The Watches and Wonders trade show is nigh. But before I fly across the Atlantic to Geneva, Switzerland, I need to address the big green diver in the room. Last week, Omega held its own private event called Omega Days where it unveiled its 2022 novelties. You saw a lot of them here on HODINKEE, from the new Ultra Deep to the multicolored Aqua Terra models to the Omega Moonshine Gold Speedmasters.
And then, out of nowhere, we were handed an absolute bombshell release by way of the new Omega x Swatch MoonSwatch. I already devoted more than 1,000 words on that watch, and you countered with over 700 comments, so I’ll leave it at that.
There’s one Omega release that hasn’t gotten the attention it deserves, partly because it’s just a new colorway: The new Omega Seamaster Diver 300m with a green dial, green bezel, and even greener rubber strap.
It’s the watch nobody saw coming and even felt like an afterthought in Omega’s online presentation of its new releases. The Diver 300 line is the quintessence of Omega’s modern watch design ethos. It can trace its legacy back to 1993 when it was released, but most people associate the model range with Pierce Brosnan’s James Bond. His was blue though, and this is green.
In 2018, Omega revamped the Diver 300m line, beefing up the case, and showing off its full ceramic capabilities with a laser-etched ceramic dial and ceramic bezel. In so doing, it expanded on the color offering of the watch which previously had really only been seen in blue or black variations (with some deviation along the way). We saw the introduction of a white dial version with a black bezel, and a silver dial version with a muted blue bezel to go along with the mainstays.
The white dial model became a cult hit and an Instagram darling. It was just written up by the esteemed Jason Heaton, and our own Cole Pennington reviewed it for A Week on the Wrist. But for the most part, everyone thought that was it for that collection. We wouldn’t see anything new out of the Diver 300m line unless Omega made drastic changes to the watch or released a new reference. How wrong we were.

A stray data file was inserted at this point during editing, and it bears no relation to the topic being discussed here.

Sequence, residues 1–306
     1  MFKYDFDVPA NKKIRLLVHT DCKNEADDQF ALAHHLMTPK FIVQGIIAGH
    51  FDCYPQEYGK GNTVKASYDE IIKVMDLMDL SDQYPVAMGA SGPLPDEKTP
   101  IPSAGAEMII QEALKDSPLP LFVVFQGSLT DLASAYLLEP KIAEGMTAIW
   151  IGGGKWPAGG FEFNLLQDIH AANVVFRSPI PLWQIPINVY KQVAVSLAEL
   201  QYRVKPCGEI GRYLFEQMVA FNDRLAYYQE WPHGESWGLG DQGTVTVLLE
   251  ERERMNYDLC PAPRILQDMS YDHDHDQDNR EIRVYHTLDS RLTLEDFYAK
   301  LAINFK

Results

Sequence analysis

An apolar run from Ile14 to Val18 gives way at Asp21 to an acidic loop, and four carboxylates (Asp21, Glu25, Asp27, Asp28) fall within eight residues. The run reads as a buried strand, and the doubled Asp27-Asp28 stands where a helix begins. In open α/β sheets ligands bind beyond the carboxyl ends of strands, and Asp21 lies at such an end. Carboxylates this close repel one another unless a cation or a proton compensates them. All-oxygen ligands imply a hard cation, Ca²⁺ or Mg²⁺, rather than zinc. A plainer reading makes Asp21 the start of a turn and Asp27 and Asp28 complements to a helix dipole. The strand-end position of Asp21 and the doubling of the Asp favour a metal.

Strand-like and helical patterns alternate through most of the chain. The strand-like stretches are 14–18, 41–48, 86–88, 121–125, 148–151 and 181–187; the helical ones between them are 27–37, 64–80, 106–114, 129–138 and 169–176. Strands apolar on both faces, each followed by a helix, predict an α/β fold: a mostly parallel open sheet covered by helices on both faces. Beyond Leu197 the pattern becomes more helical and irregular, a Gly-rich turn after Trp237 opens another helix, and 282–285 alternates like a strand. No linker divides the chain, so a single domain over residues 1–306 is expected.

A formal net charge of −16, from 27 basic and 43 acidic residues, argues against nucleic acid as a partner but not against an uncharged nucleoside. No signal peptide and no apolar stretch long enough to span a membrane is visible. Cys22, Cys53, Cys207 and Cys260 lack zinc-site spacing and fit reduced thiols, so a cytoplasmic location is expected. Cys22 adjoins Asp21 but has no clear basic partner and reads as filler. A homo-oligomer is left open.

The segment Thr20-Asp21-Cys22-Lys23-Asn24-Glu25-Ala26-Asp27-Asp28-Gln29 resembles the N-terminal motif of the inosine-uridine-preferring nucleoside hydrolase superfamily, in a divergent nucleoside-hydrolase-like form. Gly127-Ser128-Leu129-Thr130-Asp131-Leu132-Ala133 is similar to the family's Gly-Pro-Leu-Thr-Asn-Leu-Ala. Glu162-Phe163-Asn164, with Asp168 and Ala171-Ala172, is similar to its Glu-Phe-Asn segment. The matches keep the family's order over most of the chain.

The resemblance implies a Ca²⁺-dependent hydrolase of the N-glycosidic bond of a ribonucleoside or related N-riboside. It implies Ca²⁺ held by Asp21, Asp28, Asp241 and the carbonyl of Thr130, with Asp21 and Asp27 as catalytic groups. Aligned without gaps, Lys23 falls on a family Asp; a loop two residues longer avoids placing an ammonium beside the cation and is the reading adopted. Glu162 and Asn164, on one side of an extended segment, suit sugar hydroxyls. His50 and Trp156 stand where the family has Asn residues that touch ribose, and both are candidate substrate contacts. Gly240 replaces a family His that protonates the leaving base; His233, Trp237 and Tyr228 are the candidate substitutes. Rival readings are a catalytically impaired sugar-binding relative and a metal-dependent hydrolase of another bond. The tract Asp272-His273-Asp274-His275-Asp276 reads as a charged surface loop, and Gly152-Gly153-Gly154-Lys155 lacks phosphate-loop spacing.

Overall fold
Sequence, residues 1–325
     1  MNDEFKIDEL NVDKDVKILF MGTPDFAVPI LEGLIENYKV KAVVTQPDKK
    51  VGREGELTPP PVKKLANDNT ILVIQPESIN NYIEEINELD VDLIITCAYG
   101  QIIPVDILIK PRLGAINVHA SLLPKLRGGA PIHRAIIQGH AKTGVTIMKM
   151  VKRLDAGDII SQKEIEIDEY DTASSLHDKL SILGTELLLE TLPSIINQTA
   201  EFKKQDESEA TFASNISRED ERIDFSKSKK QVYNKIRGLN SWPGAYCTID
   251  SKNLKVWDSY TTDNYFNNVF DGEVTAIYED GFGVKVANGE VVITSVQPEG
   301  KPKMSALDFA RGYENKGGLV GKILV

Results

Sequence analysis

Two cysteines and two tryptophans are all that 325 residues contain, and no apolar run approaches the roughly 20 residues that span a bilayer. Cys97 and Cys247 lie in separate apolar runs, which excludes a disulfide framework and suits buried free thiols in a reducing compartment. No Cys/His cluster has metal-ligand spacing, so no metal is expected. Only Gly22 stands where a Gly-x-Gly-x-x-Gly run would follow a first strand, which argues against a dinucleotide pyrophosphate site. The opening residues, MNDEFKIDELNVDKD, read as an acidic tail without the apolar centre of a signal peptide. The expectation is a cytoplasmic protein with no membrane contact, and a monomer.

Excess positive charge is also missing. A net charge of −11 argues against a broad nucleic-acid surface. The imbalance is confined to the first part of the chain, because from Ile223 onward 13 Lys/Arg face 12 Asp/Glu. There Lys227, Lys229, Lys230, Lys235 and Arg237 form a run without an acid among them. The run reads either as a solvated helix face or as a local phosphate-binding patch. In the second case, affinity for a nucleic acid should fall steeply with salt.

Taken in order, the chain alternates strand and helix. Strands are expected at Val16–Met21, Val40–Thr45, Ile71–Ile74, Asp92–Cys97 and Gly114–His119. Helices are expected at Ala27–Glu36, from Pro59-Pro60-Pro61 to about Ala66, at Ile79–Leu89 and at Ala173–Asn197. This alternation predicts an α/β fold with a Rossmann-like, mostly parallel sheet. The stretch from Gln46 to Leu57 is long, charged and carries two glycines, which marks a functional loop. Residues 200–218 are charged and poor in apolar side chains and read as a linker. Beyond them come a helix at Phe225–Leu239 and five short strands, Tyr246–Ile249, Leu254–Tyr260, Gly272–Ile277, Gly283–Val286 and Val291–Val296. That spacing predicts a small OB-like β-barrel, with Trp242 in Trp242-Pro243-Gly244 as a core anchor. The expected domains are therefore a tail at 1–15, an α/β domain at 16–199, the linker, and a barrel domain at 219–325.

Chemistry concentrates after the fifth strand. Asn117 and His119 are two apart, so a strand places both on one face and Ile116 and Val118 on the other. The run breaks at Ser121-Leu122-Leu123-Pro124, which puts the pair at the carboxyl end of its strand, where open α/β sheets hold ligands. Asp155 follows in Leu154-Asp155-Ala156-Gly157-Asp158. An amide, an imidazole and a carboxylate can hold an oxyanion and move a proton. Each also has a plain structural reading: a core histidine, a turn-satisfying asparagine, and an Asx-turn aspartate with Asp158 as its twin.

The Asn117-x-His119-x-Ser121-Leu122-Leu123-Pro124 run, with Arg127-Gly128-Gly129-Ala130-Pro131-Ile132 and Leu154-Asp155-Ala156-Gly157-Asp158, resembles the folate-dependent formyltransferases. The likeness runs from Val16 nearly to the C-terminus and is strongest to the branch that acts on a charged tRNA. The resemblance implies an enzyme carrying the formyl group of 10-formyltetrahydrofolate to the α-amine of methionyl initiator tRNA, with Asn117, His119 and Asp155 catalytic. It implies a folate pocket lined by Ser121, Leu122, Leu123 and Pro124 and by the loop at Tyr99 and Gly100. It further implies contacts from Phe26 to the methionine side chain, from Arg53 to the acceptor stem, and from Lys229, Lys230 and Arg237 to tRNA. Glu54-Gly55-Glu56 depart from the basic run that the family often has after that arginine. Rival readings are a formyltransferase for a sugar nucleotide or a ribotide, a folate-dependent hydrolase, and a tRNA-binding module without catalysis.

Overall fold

Blinded by Moonshine, and distracted by a Crayola crayon box of Aqua Terras, Omega came in to fill the void once occupied by the Rolex Submariner “Hulk.” Not to get too nerdy, but if the Rolex is the Bruce Banner Hulk, then let’s give Omega the Lou Ferrigno David Banner moniker.
I actually would prefer we not give this watch a nickname it doesn’t need, but rather look at it for what it is: A well-loved Omega dive watch in a color that happens to look fantastic.
If there’s one thing about the latest blue Seamaster Diver 300m, it’s that the blue color is over-saturated. It’s almost comically blue where its historical predecessors featured a more grey-blue aesthetic.
With this new green model, Omega made sure to keep the colors muted with a dark, almost forest green look that is matched from bezel to dial. It is so dark a green that in some light it almost comes across as black. It’s a colorful watch for those a little nervous about getting a colorful watch.
And that idea plays into the stylistic minutiae, as well. On basically all of the steel Diver 300m models (save for the blue and grey), the Seamaster wordmark is done in red, as is the second hand. While that adds a bit of contrasting fun to the design, it also makes the watches feel almost too playful at times. Compare that to the larger ceramic models, or the two-tone variants and you’ll notice that those watches feel a bit more mature because the red isn’t there.
And you won’t find it on the green model either. All of the dial text is white, including the Seamaster wordmark, and the seconds hand. By choosing this specific colorway, and doing away with the red flourishes, Omega made a watch that feels more mature, even if it’s effectively the same design as its counterparts.
In keeping with tradition, the watch is being released both on the classic stainless steel bracelet with the alternating polished center links, or a rubber strap in a matching green that complements the watch.
There’s nothing new in the form or function of either the bracelet or the strap, but I will say that the strap option would be my pick with this one.
There truly were an absolutely unwieldy number of Omega watches announced in the last three weeks. But even with the dust settled – no matter how much I want to get in line tomorrow for a MoonSwatch – I still can’t get this green Seamaster off my mind.
You’ll have to let me know if I’m crazy for talking up a color update of a watch this much, or if you agree with my take. One thing’s for sure, you won’t change my mind.